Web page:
Tax authorities are not entitled to make apparent use of the regulation which allows for suspension of the limitation period or for its non-initiation in the case of commencement of penal fiscal proceedings (art. 70 § 6 item 1 of the Tax Ordinance Act). Additionally, a taxpayer must be notified of this fact and the suspicion of a crime or offence must result from his failure to fulfil a tax liability. Unfortunately, in practice, there is a frequent abuse of the law by the tax authorities, consisting in the initiation of penal fiscal proceedings in the case of a tax offence only for the appearance’s sake, to extend the time for completion of tax proceedings.
Inconsistent standpoint of administrative courts
According to the jurisprudence of the administrative courts, there is no doubt that the ostensible commencement of penal fiscal proceedings by the tax authorities in order to stop the running of the limitation period cannot be approved, as it constitutes an abuse of law. However, the divergence in the approach of the administrative courts does not specify whether statutory provisions allow the court to examine the legitimacy of the initiation of penal fiscal proceedings by a tax authority. An example is the judgment of the Supreme Administrative Court (further: NSA) of 30 July 2020 (case ref. no. I FSK 42 /20), according to which, administrative courts may control whether there has been apparent use of the provisions of the Tax Ordinance by tax authorities, especially in the context of a possible breach of the principle of trust in tax authorities.
In turn, according to a different view prevailing in the doctrine, presented e.g. in the judgment of 9 November 2018 (ref. I FSK 2149/16), the regulations do not allow the court to assess the legitimacy of initiating penal fiscal proceedings. According to Judge Sylwester Marciniak, an administrative court would thus enter the competences of a criminal court (judgment of the NSA of 30 July 2020, ref. no. I FSK 42/20).
Resolution of 7 judges of NSA clarifying the position of courts
In order to dispel doubts, the Ombudsman for Small and Medium-Sized Enterprises requested the NSA to adopt a resolution aimed at clarifying legal provisions, the application of which has caused discrepancies in the case law of administrative courts.
In response to the above, on 24 May 2021, a resolution was issued (case ref. no. I FPS 1/21), in which a panel of 7 judges ruled that administrative courts have the right to control the legitimacy of commencement of penal fiscal proceedings by tax authorities. If administrative courts did not have such a right, the limitation period would be purely illusory. Moreover, the resolution stipulates the court, when examining the legality of administrative action, also enters into other branches of law, e.g. civil law, labour law.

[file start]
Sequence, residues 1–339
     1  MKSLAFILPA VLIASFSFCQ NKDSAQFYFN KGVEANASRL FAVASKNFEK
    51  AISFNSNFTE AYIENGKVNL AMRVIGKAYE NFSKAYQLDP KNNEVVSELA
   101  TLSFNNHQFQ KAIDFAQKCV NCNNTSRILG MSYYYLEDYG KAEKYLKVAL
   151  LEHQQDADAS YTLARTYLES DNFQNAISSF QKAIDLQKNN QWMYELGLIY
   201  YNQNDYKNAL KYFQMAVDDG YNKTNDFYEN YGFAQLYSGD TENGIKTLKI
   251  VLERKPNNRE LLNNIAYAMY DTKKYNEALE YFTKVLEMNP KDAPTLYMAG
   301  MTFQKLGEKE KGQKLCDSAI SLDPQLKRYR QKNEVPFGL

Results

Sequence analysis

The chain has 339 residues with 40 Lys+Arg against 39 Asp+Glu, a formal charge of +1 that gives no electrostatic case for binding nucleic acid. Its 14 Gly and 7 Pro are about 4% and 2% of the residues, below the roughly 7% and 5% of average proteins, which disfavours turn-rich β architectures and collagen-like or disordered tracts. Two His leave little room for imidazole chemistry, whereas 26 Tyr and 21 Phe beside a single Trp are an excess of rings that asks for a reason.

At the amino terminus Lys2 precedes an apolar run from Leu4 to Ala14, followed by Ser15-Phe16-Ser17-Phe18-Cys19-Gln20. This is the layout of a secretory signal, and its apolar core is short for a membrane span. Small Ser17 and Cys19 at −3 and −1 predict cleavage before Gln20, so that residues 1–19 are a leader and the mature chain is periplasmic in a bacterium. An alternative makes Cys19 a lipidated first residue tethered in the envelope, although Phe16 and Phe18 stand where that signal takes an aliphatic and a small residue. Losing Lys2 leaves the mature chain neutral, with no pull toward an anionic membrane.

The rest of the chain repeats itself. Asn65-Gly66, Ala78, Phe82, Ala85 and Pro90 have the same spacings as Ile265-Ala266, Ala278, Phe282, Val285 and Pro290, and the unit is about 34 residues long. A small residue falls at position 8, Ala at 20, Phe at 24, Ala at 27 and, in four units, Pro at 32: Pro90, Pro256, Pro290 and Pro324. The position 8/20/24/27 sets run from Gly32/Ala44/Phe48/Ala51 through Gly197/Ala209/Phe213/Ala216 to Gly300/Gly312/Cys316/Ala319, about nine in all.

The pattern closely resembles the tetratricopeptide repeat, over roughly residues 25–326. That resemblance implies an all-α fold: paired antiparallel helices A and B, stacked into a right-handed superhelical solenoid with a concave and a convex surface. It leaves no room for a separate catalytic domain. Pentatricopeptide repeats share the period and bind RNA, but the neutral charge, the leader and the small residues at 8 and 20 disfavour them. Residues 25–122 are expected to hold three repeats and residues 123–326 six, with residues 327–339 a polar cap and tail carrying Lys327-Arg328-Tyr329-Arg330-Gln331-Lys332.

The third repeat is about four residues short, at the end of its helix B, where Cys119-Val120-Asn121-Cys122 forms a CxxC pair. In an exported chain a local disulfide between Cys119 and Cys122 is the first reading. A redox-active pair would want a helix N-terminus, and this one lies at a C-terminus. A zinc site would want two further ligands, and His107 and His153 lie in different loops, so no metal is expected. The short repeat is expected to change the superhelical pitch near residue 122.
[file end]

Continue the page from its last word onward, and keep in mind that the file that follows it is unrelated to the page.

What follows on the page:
At the same time, administrative courts do not examine either the timing or the legitimacy of the initiation of penal fiscal proceedings from the point of view of a penal fiscal case. It is necessary to assess whether the tax authority has not made an apparent use of the provisions in order to extend the limitation period. Such a suspicion arises when proceedings are initiated in the absence of material or subject premises or when negative procedural prerequisites exist. Additional doubts as to the purpose of commencement of penal fiscal proceedings by tax authorities may be raised by issuance of a decision just before the expiry of the limitation period or inactivity of the authority after issuance of the decision.
Consequences for taxpayers
There is no doubt that the aforementioned NSA resolution is favourable for taxpayers. The judges rejected the position according to which an administrative court has no right at all to control tax authorities in the course of initiating penal fiscal proceedings.
Obviously, the most advantageous solution from the point of view of taxpayers would be removal of Article 70 § 6 point 1 from the Tax Ordinance, which does not seem possible. The resolution is also important for the practice of tax authorities, which should:
- ensure that the taxpayer is notified as soon as possible of the suspension or non- starting of the limitation period;
- indicate the connection between the suspicion of an offence and failure to fulfill tax obligations;
- adduce – in the order – the premises that justify the initiation of penal fiscal proceedings.
Certainly, the above resolution of the NSA will not completely solve the problem of abuse of the law by tax authorities. One can only hope, however, that it will motivate the tax administration authorities to more scrupulously indicate to the taxpayer the prerequisites for initiating penal fiscal proceedings against him.
Maciej Kozub, VAT Specialist